Prosecutors have ordered the detention of Essam El-Erian for 30 days pending investigations into charges of instigating street clashes.
The vice president of the Muslim Brotherhood's Freedom and Justice Party will be held for 15 days over clashes between local residents and supporters of Mohamed Morsi in Giza's Bayn Al-Sarayat district in July, and for 15 days over clashes near Giza's Al-Istiqama Mosque in August.
He denies the charges.
Security forces arrested El-Erian at a flat in Cairo’s Fifth Settlement suburb in the early hours of Wednesday after receiving a tip off.
Pictures of the arrest, published on the interior ministry’s social networking pages, show El-Erian smiling to the cameras.
During his time in hiding, he pre-recorded a number of video messages that were broadcast on Al Jazeera.
The most notable of these messages was directed at the country’s interim government or what El-Erian described as ‘coup leaders’, demanding they recognise their "mistakes" and “confess that they’ve sided with one particular faction against another.”
In September, he was charged in absentia for his alleged involvement in clashes in Giza's Al-Bahr Al-Azam district in July.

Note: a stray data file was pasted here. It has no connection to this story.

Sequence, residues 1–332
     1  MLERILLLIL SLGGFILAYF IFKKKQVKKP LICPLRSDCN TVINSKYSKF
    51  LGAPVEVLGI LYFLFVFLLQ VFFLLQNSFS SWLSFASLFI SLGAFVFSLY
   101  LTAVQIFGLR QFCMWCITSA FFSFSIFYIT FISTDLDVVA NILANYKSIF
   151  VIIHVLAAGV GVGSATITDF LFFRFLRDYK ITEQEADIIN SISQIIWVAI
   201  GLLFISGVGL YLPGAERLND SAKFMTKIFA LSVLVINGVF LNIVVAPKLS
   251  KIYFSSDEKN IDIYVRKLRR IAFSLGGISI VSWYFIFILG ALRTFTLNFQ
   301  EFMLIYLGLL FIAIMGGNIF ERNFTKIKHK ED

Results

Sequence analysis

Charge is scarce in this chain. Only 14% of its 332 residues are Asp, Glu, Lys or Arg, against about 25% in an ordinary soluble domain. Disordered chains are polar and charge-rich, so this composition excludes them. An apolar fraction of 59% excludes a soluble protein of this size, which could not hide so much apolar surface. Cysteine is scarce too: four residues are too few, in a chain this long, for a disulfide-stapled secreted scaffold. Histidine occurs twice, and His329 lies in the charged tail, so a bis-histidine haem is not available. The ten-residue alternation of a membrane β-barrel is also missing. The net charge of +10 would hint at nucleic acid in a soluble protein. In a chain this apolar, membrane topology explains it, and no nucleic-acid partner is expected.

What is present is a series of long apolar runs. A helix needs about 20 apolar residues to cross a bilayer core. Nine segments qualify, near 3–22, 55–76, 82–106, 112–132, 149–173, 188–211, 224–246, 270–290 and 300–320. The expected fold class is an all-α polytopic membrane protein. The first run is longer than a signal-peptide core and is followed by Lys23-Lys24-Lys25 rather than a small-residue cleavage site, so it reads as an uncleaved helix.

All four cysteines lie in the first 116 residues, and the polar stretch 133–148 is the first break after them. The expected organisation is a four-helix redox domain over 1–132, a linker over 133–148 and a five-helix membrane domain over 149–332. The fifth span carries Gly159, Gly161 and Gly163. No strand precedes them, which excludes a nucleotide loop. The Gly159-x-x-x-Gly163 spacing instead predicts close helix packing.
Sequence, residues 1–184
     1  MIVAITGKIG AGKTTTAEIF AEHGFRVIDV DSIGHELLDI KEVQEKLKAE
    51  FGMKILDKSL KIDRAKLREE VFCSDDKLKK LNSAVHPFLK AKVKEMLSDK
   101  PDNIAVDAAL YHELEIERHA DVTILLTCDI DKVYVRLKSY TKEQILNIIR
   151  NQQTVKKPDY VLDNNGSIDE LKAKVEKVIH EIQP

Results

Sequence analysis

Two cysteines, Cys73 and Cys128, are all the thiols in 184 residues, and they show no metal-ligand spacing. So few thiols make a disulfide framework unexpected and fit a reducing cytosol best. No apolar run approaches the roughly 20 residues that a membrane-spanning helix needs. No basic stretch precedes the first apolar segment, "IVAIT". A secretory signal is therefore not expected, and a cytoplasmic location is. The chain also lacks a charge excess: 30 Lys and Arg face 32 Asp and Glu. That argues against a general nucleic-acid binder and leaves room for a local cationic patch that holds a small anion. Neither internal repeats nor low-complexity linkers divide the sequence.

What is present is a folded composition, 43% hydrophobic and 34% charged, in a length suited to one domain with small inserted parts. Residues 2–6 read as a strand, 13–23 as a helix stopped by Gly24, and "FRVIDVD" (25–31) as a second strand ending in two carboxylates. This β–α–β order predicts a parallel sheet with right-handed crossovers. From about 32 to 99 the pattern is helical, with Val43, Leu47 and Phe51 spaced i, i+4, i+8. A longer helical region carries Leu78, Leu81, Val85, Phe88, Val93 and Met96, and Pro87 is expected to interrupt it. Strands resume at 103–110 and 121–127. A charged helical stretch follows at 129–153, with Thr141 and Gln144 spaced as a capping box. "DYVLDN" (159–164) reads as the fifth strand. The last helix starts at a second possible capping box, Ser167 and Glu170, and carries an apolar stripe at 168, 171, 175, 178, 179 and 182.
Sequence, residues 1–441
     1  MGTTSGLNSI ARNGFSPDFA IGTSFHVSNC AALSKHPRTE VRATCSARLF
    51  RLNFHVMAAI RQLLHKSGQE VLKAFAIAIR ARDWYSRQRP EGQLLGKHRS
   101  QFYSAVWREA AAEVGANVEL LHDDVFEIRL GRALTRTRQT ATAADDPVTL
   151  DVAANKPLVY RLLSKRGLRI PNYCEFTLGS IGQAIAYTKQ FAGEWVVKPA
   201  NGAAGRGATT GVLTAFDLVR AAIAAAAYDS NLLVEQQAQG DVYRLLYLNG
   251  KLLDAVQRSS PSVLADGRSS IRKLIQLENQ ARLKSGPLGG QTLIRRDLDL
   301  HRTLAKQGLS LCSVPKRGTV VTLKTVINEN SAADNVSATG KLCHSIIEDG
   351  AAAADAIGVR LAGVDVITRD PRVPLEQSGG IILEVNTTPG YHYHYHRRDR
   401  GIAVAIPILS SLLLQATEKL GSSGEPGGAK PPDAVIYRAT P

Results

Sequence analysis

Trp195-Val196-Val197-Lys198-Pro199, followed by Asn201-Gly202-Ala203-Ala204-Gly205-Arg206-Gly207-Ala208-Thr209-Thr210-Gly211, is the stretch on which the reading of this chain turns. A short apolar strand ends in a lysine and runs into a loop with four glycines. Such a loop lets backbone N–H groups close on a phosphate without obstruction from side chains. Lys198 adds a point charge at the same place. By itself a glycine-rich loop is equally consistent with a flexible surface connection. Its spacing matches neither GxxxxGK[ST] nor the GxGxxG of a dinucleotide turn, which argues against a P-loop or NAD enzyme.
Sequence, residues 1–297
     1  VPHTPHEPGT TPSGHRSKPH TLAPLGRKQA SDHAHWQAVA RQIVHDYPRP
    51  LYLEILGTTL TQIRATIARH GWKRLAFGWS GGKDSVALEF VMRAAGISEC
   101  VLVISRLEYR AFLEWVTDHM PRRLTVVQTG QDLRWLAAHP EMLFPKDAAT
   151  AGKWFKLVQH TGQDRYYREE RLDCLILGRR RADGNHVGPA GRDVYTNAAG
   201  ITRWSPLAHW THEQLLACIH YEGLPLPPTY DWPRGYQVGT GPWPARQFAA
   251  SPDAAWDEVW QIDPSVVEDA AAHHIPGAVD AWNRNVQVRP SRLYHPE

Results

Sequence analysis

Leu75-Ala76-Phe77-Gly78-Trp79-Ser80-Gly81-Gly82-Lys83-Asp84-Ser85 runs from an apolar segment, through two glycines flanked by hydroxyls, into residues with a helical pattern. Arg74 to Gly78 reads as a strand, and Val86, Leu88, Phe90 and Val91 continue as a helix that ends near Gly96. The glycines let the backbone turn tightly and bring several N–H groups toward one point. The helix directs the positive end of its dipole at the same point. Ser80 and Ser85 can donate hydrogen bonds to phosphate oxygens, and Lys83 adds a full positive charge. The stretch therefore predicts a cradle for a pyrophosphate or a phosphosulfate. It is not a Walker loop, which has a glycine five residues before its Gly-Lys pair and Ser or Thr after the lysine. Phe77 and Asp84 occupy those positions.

He also faces separate charges of inciting the murder of protesters on several other occasions, including at the Ittihadiya presidential palace in December 2012 and at the Brotherhood headquarters in June 2013. A number of other Brotherhood leaders are being investigated on the same charges.
El-Erian was one of the few high-ranking Brotherhood members to remain at large after most, including Mohamed Morsi, had been arrested.
The Brotherhood, which was registered as an NGO, was banned on 23 September.
A case to dissolve the FJP is currently being reviewed after the State Commissioners Authority, a body that provides non-binding legal advice, recommended its disbandment.